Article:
Rep. Hayes: Redistricting Plan Good For Dillon County

By Representative Jackie Hayes
June 23, 2011

In a special session that began June 14, the S.C. House approved two redistricting plans that I believe would be good for Dillon County. One plan revises the boundaries of the state’s 124 House districts and would largely keep District 55, which I represent, intact. The other plan, which redraws the U.S. Congressional districts, would put Dillon County and most of the Pee Dee Region in a new, seventh Congressional district. Currently, Dillon County is in Congressional District Five, represented by Congressman Mick Mulvaney. All the redistricting plans reflect population changes based on the 2010 U.S. Census. In the past decade, District 55 grew by nearly 1,340 people to a population of 32,062, and needs to take in new areas to come close to the new ideal population of 37,301 people per district. South Carolina’s population grew 15 percent in the past decade to 4.6 million.
The redistricting plan (H 3991) for state House districts was approved on third reading on June 15 in a vote of 82-23. While it is not a perfect plan, I believe it is a fair plan that could have been a lot worse. As a whole, I believe the redistricting process in the House was a fair process.
Under the House plan, District 55’s western edge would expand into Marlboro County and Darlington County. The district would encompass Mechanicsville in Darlington County and would border the towns of McColl, Clio and Blenheim, but the towns would stay in District 54, represented by Rep. Elizabeth Munnerlyn. An earlier map had put Clio completely in District 55 and would have split McColl down the middle between Districts 54 and 55. Rep. Munnerlyn and I fought to keep these communities largely intact.
The district would lose most of Latta to District 57, represented by Rep. Jim Battle, but I am confident Rep. Battle will do a good job of representing these folks.
Because the Pee Dee Region’s population as a whole decreased, Rep Neilson’s District 56 became a casualty. District 56 was merged with District 62 to form a new District 62 that will represent almost solely Darlington County. A new District 56 would l be added in Horry County, which experienced a population increase.
Districts were also added in Beaufort, York and Berkeley Counties, where population increased, and some districts were merged in and around Laurens, Greenville, Anderson, Hampton and Jasper Counties.
The House has adopted a Congressional redistricting plan (H 3992) that would add a seventh Congressional district as the result of the state’s population growth. The seventh district would cover most of the Pee Dee Region, including Dillon, Chesterfield, Marlboro, Darlington, Dillon, Marion and most of Florence Counties, as well as Horry and Georgetown Counties.
The Senate has come up with its own redistricting plan for the 46 state Senate districts. It is also expected to adopt a Congressional redistricting plan next week. Once the plans are adopted by both bodies, they will go to the Governor’s office for approval and afterwards will be sent to the U.S. Justice Department to make sure the plans do not violate minority voting rights. To view the redistricting plans, you may go to http://redistricting.schouse.gov/ or http://redistricting.scsenate.gov/.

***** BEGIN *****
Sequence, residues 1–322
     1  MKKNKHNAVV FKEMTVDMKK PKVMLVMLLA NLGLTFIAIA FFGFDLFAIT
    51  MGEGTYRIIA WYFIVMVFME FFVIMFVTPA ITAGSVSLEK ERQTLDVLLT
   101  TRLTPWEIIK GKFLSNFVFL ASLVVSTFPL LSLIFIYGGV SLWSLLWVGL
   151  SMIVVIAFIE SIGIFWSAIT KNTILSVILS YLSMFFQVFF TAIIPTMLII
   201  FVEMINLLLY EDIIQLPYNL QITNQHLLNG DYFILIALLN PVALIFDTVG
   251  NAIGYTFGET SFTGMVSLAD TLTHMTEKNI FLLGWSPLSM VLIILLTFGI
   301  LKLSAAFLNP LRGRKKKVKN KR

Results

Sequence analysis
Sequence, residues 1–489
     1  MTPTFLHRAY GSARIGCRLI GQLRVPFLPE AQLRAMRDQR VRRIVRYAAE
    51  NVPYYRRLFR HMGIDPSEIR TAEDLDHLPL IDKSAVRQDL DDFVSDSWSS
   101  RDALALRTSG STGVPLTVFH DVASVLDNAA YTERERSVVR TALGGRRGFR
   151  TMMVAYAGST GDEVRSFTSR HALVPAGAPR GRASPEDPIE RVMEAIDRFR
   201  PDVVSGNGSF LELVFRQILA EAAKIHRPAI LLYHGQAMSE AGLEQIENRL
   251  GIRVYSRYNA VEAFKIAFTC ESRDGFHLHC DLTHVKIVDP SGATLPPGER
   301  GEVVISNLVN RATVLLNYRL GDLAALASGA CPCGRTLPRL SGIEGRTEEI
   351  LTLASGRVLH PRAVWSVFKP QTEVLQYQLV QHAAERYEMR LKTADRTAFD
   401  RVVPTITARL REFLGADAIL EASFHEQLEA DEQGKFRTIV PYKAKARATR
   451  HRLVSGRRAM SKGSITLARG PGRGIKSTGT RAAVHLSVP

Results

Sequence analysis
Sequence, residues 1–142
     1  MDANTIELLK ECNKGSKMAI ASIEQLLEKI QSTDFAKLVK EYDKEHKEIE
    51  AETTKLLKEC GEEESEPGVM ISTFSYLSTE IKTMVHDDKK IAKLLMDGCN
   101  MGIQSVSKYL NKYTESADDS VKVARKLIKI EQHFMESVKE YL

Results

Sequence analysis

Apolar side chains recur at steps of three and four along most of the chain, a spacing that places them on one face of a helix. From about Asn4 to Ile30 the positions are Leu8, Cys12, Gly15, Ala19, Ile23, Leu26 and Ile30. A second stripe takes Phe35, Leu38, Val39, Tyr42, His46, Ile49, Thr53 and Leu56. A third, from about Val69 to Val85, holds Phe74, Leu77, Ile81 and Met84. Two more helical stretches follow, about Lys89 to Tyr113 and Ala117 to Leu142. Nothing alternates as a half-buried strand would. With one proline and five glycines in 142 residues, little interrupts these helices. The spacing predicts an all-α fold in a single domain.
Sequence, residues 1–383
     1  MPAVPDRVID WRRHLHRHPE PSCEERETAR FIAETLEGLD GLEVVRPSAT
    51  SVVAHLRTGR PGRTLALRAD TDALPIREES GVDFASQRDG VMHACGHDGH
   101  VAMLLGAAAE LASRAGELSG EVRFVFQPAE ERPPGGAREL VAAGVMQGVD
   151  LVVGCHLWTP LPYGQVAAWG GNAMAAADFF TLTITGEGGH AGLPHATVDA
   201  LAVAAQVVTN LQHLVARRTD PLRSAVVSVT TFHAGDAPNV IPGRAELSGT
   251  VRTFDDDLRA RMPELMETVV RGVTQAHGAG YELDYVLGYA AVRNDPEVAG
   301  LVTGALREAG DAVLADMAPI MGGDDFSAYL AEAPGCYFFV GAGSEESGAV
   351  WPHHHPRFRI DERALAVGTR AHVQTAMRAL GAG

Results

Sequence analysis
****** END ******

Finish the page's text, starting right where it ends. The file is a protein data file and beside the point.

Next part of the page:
In other action, the House and Senate approved a $6 billion budget compromise developed by a conference committee of six House and Senate member. Much of the debate in conference committee centered on how to spend $210 million that was added to budget projections for the next fiscal year because of the state’s improving economy. The Senate budget plan allotted half the funding towards improving the public school system and half towards giving businesses relief from an increase in unemployment insurance payments to the state.
House conferees asked the Senate conferees to increase the business relief funding to $146 million, and the Senate finally agreed. Specifically, the funds would be used to pay down the $933 million debt South Carolina owes the federal government. By paying down the debt, it would provide relief to businesses in the state. We’ve been told that $146 million, is needed to avoid paying penalties on the federal loan.
The state borrowed the federal money to help pay for unemployment claims by workers who were laid off during the recession. When the state’s debt to the federal government skyrocketed, a state law was passed to recoup funds from businesses, particularly those that laid off more people. Those employers have complained that their payments are too high. We were surprised when Governor Nikki Haley issued an Executive Order to call the Legislature back into session on June 7 to finalize some of her pet issues, including a restructuring bill that would establish a Department of Administration. The House approved the legislation (H 3066) in March but the Senate never finalized action on the bill before the session’s recess on June 2..
We believe Gov. Haley exceeded the scope of her power by seeking to call the Legislature back into session. The state Constitution allows the Governor to convene the General Assembly on “extraordinary occasions” but does not define the term. Ultimately, Gov. Haley was told by the S.C. Supreme Court that she could not order us back in session, because we were technically still in session, but on recess. So we came back on June 14, as we had earlier scheduled. If you have any questions or comments, contact me in Columbia at 803-734-3099, at 333D Blatt Building, P.O. Box 11867, Columbia, S.C. 29211 or call me at home at 843-774-6125, at 240 Bermuda Road, Dillon, S.C. 29536.


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